On the same day, Attorney General Wayne Stenehjem (R) issued a statement saying in part:
"Ultimately, only the Supreme Court can determine whether North Dakota‚s enactment is constitutional or not."
The North Dakota case was filed by Josh Newville, an attorney from Minneapolis, IN. It is called Ram say, et al. v. Dalrymple. Ramsay is the lead plaintiff. Jack Dairymple (R) is the Governor of the state. Newville had filed a similar case during the previous month involving six same-sex couples in South Dakota. 5
The plaintiffs' complaint states that same-sex couples are subjected to:
"... an irreparable denial of their constitutional rights."
They further assert that the state of North Dakota:
".... will incur little to no burden in allowing same-sex couples to marry and in recognizing the lawful marriages of same-sex couples from other jurisdictions on the same terms as different-sex couples." 5
The prospects of this case look excellent for these couples, because there are currently over 70 similar cases in state and federal courts. All of the court rulings involving marriage by same-sex couples that have been released between mid-2013 and mid-2014 have favored of marriage equality. They have all been based on the due process clause and/or the equal protection clause of the 14th Amendment of the U.S. Constitution. These clauses require the federal and state governments to treat people -- and thus couples -- equally.
However, this lawsuit may turn out to have only symbolic value. As Attorney General Stenehjem said, only the U.S. Supreme Court will be able to make the final decision on whether same-sex couples should be allowed to marry in North Dakota. There are currently over 70 active lawsuits similar to the one in North Dakota, and a few are at the stage where they can be appealed to the U.S. Supreme Court in the near future. It is highly probable that one or more of those cases will be granted certiorari (the right to appeal) by the high court, be heard before that court during early 2014 and ruled upon by 2014-JUN. It is unlikely that the North Dakota case can advance quickly enough to be part of that process.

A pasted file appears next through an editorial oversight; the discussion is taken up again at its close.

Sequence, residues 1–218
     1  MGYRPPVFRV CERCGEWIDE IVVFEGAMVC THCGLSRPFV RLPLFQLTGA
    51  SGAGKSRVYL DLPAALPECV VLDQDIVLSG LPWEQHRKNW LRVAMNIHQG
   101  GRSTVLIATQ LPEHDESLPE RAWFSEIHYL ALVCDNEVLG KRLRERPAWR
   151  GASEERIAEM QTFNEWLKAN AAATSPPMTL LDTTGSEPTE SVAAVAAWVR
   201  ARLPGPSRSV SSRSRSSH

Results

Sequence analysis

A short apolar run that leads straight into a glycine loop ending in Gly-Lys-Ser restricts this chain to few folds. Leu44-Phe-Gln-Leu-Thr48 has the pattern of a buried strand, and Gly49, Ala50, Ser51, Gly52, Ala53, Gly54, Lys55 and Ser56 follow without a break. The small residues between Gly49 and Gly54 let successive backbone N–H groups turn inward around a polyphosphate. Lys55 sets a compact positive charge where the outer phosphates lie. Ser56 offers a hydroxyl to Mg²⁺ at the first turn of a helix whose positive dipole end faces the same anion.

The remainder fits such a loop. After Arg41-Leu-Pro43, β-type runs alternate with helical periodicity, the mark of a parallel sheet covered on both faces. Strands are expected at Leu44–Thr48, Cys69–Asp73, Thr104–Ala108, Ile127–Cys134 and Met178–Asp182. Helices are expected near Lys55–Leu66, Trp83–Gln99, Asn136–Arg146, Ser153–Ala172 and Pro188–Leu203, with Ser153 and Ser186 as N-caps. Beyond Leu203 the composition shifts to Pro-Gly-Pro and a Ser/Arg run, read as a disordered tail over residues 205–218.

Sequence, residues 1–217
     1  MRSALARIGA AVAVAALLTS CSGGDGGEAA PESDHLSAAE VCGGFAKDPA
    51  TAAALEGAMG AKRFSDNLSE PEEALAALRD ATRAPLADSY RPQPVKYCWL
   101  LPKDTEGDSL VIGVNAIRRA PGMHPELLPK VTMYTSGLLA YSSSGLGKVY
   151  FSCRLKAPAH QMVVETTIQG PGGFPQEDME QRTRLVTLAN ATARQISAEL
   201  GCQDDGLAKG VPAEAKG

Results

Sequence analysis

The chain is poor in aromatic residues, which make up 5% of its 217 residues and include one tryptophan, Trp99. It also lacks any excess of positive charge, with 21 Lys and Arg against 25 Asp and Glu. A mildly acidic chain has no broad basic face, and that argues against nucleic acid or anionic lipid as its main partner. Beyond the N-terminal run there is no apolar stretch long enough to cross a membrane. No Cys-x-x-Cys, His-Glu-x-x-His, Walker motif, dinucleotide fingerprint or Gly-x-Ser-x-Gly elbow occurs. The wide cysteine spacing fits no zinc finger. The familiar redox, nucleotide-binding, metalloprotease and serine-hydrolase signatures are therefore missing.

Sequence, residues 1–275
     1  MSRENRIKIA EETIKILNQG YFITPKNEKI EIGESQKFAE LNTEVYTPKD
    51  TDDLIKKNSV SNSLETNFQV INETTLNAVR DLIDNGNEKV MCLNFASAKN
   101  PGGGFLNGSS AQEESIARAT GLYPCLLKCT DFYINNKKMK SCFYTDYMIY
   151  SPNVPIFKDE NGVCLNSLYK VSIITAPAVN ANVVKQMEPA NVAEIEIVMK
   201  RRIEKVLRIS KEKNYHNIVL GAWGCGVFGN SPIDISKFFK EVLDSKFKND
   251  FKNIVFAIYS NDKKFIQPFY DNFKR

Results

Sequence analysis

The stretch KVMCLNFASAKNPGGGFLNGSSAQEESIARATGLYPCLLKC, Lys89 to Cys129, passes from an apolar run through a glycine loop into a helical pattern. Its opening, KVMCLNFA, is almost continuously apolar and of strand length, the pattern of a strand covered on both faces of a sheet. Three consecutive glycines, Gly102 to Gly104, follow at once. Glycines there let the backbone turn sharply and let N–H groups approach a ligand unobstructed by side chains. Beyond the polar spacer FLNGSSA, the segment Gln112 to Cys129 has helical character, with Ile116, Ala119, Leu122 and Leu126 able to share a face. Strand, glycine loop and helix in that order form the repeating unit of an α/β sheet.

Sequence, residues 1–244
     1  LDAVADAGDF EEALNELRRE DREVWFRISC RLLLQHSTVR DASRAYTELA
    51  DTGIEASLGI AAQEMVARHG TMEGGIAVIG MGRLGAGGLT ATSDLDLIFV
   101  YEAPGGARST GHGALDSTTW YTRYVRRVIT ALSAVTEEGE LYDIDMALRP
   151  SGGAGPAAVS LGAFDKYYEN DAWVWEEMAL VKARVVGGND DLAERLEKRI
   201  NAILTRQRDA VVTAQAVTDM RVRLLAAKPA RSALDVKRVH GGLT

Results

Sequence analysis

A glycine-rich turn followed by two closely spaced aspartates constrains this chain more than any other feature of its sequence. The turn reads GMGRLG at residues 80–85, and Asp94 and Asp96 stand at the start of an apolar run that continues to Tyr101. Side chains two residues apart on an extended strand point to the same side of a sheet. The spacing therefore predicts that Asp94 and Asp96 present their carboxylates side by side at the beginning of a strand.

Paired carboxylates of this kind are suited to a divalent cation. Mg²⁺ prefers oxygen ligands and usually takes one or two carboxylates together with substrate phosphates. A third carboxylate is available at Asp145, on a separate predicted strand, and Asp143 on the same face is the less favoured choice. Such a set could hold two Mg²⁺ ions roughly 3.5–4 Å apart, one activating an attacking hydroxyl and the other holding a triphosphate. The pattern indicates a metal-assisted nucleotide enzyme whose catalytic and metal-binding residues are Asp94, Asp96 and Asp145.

During July, Solicitor General Doug Bahr asked that the case be dismissed on the basis that individual states have the responsibility and right to define marriage as they wish. He appears to imply that a state's constitution or statutes can violate the equal protection and/or due process clauses of the 14th Amendment of the U.S. Constitution, and still be ruled constitutional. That is, the U.S. Constitution is not the ultimate law of the land. That role is determined in each state by the vote of the people. This is called the "tyranny of the majority" and was a major concern of the founding fathers. It is also rejected by almost all constitutional experts. More details.
On 2014-JUL-22, Attorney Newville filed a motion asking a District Court judge to rule on whether marriages by same-sex couples is legal in the state. He said:
"We are seeking an order from a district judge that declares marriage equality the law of the land in North Dakota. ... We all agree that North Dakota denies loving, committed same-sex couples recognition of their marriages. That is not in dispute. This is a constitutional issue and North Dakota is in violation of the constitution by refusing to marry couples and to recognize marriages from other states and jurisdictions."